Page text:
How to raise your children so they’re welcome at other people’s houses ….

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When Fiona and Bridget were very tiny, the purpose of a playdate was mainly to preserve my own sanity. I’d haul my babies to someone else’s place, or welcome their babies to my place, just for the opportunity to have snacks and small-talk with a fellow cooped-up, under-socialized mother. As the girls got older, playdates became a little more annoying. I might spend time at someone else’s house, hollering at Fiona and Bridget. “Don’t touch!” and “Get down!” and “Leave the dog alone!” sometimes composed two thirds of the conversation. Other playdates were on our turf – in which case, the time would be spent cringing and flinching at every crash and smash, and trying to pretend it didn’t matter that a three-foot-tall human tornado was grinding peanut butter into the carpet, using candles as drumsticks, heaving furniture around and leaving murky face prints on every window. In recent years, playdates have become much simpler. Children are dropped off at our house to play with Fiona and Bridget while their parents do their thing, or Fiona and Bridget are dropped off at someone else’s house while Ryan and I do our thing. However, even though the kids are so much more independent and easier to keep alive, there are many moments when I find myself regretting issuing an invitation to other people’s children. At such times, I wish there was a guide to making children better playdates. Enter this guide! Because I can.

Obviously, some patterns are deeply entrenched – so it may just be too late for a few children. For example, if your child is an asshole – and, as we’ve already established, there are many – you might want to use an aggressive treatment rather than a preventative measure. However, this guide could be an indispensable tool for new parents to use as they prune and groom their darlings into people-who-are-welcome-at-other-people’s-houses – or for seasoned parents of reasonably behaved progeny to assess their kids’ performance every now and then. So, without further ado, I present a series of questions that you should ask yourself before sending your offspring to my house:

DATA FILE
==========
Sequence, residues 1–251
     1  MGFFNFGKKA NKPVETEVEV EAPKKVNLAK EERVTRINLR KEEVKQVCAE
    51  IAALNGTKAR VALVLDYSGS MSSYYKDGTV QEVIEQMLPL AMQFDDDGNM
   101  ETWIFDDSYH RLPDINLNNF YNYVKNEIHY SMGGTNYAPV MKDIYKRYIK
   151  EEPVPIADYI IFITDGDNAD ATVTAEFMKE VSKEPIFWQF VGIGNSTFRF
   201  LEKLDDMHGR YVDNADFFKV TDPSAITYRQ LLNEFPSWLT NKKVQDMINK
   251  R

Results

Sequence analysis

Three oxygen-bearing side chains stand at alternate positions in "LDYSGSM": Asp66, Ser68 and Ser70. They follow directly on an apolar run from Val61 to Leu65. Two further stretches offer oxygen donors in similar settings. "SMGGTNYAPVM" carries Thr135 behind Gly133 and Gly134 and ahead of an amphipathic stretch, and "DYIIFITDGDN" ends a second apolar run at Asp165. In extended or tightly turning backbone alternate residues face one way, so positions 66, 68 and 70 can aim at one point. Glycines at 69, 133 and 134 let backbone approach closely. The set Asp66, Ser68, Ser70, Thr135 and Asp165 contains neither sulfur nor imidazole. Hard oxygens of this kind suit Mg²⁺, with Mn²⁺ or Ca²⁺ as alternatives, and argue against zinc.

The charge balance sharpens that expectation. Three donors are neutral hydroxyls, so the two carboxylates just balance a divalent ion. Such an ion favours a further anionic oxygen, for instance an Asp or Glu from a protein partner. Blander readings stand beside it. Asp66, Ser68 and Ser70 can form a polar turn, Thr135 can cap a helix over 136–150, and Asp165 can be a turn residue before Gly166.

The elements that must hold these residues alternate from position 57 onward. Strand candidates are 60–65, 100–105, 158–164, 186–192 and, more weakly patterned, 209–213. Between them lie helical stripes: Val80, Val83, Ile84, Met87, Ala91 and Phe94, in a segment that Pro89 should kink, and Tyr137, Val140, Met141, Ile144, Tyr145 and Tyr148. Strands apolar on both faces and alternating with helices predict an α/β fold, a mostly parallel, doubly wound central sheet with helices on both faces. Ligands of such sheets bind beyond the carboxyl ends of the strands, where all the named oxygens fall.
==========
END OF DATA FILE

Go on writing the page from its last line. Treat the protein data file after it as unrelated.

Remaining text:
Can my kid share? Seems kinda basic, yes, but you wouldn’t believe the times I’ve had to settle a sulking (or screaming) match because one of the girls’ friends has pulled a Yertle the Turtle on the house and decided they are the ruler of all that they see. I’ve even been approached the odd time by a kid saying they want an item or piece of clothing to take home and keep. Who does that?

Can my kid play nicely? Again, kinda basic, but a small number of children we’ve hosted have trouble agreeing on an activity, taking turns, losing graciously …. I invite children to our house so that Fiona and Bridget can play with them – not because I feel like sharpening my refereeing skills.

Does my kid clean up his or her messes? Before every playdate, I tell Fiona and Bridget to make sure that one mess is cleaned up before they move on to making another. Sometimes, this works well. Other times, I will see a mess in every room, and I have to remind the girls of the rule about cleaning up behind themselves. Most of the time, our little guests will pitch in cheerfully. However, there have been times when Fiona or Bridget has reported that their friend doesn’t want to clean up the mess – completely ignoring the fact that I never asked if anyone wanted to clean up the mess, I laid down a rule that it must be cleaned up. Recently, Fiona and Bridget have become more bold about insisting on clean-up after having to deal with a few epic messes after their freewheeling pals have gone home – because this mother doesn’t pick up toys anymore.